When sharpening scissors, it's helpful to remember that the bevel angle is around 75° to 80° - much steeper than the average knife.
Always hold the handle of the scissor blade you are about to sharpen in order to maintain control. Rest the tip of the back edge of the blade on a table at a comfortable height.
Working under a bright light, angle the handle of the scissors until the bevel reflects the overhead light back to you the brightest. At this point the bevel is parallel to the table.
Hold the Diafold® sharpener parallel to the table and stroke into and across the scissor bevel from the hinge joint to the tip of the blade. Usually 5-6 strokes will renew a dulled edge. It may be necessary to work through coarse to fine grit sharpeners if the scissors are intended for fine work.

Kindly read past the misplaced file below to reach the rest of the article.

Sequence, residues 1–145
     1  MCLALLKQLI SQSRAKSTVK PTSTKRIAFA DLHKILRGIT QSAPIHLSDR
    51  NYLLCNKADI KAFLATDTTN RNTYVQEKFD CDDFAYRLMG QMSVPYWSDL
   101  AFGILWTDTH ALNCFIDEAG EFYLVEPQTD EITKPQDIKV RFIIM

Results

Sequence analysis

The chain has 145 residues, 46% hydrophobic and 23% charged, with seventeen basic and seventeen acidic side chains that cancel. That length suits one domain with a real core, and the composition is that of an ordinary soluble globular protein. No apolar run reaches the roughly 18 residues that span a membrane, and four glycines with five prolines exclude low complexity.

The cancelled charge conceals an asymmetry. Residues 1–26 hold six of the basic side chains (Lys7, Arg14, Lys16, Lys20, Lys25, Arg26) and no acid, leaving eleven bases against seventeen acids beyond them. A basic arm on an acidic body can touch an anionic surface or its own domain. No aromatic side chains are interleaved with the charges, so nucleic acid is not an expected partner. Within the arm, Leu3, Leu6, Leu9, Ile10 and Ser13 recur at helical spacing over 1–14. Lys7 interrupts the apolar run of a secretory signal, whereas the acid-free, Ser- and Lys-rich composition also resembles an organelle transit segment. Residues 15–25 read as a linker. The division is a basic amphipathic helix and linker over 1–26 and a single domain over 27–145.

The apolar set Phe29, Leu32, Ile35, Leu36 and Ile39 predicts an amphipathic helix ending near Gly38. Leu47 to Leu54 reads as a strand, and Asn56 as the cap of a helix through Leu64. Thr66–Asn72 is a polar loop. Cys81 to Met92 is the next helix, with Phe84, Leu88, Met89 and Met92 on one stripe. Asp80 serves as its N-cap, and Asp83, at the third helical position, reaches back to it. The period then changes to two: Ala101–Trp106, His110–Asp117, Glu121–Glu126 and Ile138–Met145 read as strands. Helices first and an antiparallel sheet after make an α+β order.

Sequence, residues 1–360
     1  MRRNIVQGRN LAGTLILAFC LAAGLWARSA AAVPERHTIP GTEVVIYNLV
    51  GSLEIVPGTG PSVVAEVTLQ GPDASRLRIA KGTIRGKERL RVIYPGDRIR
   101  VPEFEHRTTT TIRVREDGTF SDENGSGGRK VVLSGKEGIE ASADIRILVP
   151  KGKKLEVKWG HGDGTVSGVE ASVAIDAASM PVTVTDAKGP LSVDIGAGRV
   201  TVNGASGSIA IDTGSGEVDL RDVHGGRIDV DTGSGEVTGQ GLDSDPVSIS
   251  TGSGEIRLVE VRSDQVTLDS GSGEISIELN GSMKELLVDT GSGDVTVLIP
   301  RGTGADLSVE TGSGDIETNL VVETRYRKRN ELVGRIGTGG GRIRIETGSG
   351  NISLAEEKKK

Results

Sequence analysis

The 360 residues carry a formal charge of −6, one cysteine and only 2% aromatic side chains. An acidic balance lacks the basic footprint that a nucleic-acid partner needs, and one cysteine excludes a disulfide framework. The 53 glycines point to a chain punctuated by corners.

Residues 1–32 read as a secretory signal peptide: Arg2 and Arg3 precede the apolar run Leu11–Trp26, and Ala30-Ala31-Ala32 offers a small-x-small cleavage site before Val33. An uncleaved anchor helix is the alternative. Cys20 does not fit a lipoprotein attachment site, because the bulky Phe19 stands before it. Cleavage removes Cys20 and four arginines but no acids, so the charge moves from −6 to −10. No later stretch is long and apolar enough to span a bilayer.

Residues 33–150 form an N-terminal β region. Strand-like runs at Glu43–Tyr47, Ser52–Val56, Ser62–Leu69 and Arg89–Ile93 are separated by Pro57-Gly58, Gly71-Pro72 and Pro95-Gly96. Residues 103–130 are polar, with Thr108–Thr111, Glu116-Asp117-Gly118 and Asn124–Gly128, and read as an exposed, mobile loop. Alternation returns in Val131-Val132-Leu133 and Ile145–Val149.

Rotate the scissors 180° and repeat on the other scissor blade.ILLUSTRATED SUMMARY:
- Align sharpener flush with the bright bevel.
- Stroke smoothly towards the outside of the scissors. Repeat on the other blade.
TIP: Small burr on each sliding surface can be wiped off with a single, light stroke on the flat back of the scissor.
By working through the DMT® system of progressively finer grits, you will quickly achieve a razor sharp edge on quality knives and tools. The DMT® diamond products are colour-coded for identification. In our product descriptions, coloured diamond shapes denote the specific grits in which each model is available.
Which grit you should use depends on... How often do you sharpen? How dull do you let your knife or tool edge get before you re-sharpen it? How sharp is sharp enough for you? Ask yourself these questions, and then read the grit descriptions (left) to determine which grit(s) best suits your needs. Hint: the pros use more than one grit & move from coarser to finer grits as they sharpen.